May 11, 2014
My wife and I did something special this past Friday evening. We attended a Relay for Life in our hometown of Thomasville GA. And the memories of the event will not be soon forgotten, for so many reasons. More...
March 19, 2014
An article published this week in the American Cancer Society journal CA: A Journal for Clinicians received a lot of media attention. The report showed dramatic declines in the rate of people being diagnosed with colorectal cancer, as well as decreases in the rates of colorectal cancer deaths over the past number of years.
But the press didn't say much about the fact that not everyone has benefitted from the progress we have made in the prevention, early detection, and improved treatment for colorectal cancer. It is a sad but very real commentary on how we approach health care in this country that African Americans have not benefitted equally from this progress in treating a cancer that for many people can be prevented or effectively treated when found before it spreads to other parts of the body.
As a nation, I believe it is incumbent that we address this glaring health disparity. To do less is unacceptable. More...
March 06, 2014
News reports covering a prostate cancer study this week in the New England Journal of Medicine have all pretty much come out with the same message: men diagnosed with prostate cancer who had radical surgery did much better than men who were assigned to "watchful waiting" after they were diagnosed.
But guess what? There's a critical fact that seemed to be missing in much of the coverage I saw. And that fact is this: the men who were given the "watchful waiting" as described in the study never received any curative treatment. Let me repeat: No curative treatment. That is a much different approach to watchful waiting than we currently recommend in the United States, where watchful waiting after a diagnosis of prostate cancer usually means offering curative treatment when the prostate cancer changes its behavior. More...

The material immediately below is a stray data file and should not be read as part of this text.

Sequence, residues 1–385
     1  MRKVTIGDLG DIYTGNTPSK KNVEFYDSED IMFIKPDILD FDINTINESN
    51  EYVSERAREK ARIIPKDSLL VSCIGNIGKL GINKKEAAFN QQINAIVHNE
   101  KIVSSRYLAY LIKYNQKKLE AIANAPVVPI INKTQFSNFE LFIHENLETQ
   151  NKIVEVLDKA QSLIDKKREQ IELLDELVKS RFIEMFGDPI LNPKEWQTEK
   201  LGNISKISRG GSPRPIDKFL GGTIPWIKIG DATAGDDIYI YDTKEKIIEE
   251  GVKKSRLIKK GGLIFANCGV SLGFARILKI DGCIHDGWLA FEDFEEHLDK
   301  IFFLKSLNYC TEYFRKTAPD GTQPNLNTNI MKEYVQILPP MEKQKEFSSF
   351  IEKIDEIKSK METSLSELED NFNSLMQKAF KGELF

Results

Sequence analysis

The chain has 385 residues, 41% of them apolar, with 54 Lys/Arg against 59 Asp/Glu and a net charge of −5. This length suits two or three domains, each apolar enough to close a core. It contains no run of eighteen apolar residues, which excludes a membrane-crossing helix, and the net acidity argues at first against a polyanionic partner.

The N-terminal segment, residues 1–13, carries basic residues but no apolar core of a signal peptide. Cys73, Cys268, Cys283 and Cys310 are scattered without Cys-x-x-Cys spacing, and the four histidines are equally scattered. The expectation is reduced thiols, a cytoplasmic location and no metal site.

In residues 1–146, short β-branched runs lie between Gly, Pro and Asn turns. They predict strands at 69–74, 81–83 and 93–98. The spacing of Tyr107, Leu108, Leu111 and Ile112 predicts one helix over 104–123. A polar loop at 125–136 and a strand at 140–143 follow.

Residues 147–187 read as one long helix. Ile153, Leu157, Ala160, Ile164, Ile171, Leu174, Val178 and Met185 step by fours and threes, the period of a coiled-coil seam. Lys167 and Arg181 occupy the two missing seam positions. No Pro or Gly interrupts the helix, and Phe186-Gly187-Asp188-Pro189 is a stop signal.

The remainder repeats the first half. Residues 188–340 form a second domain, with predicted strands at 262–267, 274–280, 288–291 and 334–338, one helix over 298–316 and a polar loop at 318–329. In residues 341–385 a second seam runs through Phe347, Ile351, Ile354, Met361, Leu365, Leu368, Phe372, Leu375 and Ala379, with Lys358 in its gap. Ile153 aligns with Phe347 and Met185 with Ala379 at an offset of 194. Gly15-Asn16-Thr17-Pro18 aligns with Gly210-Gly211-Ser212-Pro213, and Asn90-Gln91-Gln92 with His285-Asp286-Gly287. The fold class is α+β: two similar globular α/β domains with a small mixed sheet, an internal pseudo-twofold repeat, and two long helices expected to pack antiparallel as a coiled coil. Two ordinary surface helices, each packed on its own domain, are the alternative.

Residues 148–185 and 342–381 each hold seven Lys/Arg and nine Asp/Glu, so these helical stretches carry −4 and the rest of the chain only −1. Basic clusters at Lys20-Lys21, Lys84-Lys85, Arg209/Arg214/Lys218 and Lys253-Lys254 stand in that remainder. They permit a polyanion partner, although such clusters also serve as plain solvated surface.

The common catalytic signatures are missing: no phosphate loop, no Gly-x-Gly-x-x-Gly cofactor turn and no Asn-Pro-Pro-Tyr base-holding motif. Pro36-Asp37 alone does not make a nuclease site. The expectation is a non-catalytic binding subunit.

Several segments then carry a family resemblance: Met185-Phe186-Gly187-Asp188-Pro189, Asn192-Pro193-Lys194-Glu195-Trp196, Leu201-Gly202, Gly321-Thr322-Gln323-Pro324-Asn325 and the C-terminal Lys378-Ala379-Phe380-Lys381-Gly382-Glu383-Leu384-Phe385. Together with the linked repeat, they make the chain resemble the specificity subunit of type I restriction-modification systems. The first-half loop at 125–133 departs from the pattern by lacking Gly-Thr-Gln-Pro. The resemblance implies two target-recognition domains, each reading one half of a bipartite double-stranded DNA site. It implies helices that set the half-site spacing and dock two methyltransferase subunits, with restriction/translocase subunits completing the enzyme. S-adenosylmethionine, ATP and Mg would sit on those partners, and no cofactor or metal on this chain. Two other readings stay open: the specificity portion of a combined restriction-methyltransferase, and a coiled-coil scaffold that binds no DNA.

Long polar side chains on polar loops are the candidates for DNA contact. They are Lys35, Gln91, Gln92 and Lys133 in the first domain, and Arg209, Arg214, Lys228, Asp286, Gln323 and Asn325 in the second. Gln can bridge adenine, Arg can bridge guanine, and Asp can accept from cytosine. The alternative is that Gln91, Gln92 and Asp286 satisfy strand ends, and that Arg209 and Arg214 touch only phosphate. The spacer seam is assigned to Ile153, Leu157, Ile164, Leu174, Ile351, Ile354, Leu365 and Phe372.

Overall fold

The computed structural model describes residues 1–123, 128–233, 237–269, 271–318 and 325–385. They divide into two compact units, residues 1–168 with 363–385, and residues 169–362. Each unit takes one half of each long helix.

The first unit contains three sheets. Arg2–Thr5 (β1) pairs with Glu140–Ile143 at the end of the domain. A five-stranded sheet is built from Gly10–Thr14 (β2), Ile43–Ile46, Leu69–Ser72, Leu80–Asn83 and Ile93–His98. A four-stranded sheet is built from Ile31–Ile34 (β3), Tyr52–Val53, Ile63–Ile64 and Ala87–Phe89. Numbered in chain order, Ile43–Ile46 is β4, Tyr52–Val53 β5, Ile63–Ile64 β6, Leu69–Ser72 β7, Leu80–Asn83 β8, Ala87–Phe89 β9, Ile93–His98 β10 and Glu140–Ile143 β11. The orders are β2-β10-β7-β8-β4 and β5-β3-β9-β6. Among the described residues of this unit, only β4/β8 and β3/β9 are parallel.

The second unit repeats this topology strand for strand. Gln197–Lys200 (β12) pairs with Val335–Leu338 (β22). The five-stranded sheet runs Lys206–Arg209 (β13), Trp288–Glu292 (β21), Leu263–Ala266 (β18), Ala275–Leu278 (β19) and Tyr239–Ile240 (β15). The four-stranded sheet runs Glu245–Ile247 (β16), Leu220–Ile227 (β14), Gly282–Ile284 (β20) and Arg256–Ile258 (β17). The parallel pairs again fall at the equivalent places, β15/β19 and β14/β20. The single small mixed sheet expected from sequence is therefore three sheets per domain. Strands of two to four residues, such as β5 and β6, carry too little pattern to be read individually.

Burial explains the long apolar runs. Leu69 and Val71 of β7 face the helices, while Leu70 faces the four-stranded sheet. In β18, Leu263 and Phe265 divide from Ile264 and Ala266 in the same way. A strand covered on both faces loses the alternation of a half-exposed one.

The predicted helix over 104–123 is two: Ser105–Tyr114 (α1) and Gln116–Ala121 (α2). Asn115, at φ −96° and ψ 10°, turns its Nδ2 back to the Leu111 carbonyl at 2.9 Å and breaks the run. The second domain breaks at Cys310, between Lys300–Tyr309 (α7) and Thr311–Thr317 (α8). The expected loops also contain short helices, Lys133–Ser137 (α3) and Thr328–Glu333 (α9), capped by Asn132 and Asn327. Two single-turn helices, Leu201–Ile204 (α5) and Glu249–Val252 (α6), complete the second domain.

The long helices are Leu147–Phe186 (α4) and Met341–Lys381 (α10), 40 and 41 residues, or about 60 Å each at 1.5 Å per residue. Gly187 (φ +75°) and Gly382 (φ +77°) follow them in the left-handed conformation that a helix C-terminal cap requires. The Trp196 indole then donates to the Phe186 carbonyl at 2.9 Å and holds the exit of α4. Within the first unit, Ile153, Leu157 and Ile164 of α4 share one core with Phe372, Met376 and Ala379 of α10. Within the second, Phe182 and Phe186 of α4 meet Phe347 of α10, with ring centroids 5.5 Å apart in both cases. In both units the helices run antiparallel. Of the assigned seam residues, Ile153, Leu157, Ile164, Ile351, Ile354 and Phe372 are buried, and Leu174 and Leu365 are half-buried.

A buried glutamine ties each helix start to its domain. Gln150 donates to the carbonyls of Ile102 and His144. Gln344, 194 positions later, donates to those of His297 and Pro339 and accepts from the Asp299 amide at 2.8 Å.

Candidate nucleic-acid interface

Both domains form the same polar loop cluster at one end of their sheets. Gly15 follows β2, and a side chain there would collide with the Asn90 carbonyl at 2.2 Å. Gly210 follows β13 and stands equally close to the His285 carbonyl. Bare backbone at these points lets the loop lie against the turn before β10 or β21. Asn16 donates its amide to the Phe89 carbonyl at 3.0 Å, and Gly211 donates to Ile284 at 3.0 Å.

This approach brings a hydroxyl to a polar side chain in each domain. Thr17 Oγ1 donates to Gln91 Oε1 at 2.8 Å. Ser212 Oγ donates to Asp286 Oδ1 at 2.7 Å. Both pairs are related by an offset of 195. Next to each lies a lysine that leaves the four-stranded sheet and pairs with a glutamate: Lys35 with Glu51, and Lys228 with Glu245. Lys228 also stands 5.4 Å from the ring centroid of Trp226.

January 07, 2014
I have made a resolution for 2014: I will never, never, never again call basal and squamous skin cancers "benign" cancers.
Why would I make such a strange commitment? The explanation is simple: I spent 4 hours on New Year's Eve sitting in the surgeon's chair getting a skin cancer taken off my nose. Nothing about the experience fits the "benign" label so many professionals, including yours truly, have used: routine; easy to treat; nothing to worry about. Friends, after this experience, which left me looking like a tall, white-haired Rudolph the Reindeer, I am here to tell you these cancers are not to be trifled with, and are worth every effort you can make at preventing them by reducing exposure to UV radiation. More...
October 18, 2013
I attended a meeting in Washington this past Wednesday that got me to thinking about the fact that as we revolutionize cancer research and treatment, we are also going to have to revolutionize cancer care. And that
may prove to be an even more daunting task than finding new treatments for the disease itself.
The meeting was sponsored by a collaboration called "Turning The Tide Against Cancer". The organizers brought together experts from a variety of disciplines ranging from insurance companies and economists to advocacy groups and highly regarded cancer specialists to discuss policy solutions to support innovation in cancer research and care. Walking in, I anticipated this was going to be another one of those sessions where we talked about funding for research, bringing research into clinical trials, and having patients get access to new drugs. But I was wrong. The discussions quickly steered into a different direction: what do we need to do to make the cancer care system work for patients?
Of course there were the continuing themes of "big data" and the impact of genomics on drug development and patient care, but a surprising amount of the discussion centered around new payment models, quality of care, and fundamental redesign of medical care to become more patient centric. And although we talked a lot about data gathering and analysis, what stuck with me was the redesign piece. I thought the discussion around redesign would focus on personalized medicine, but we spent a lot of time on changing the fundamental structure of cancer care and payment.
How are those two linked? Did we miss our focus?
The answer? If we don't change the way the system is working, we won't realize the promise of personalized medicine. Seems pretty simple and straight forward until you start thinking about the implications. More...
August 21, 2013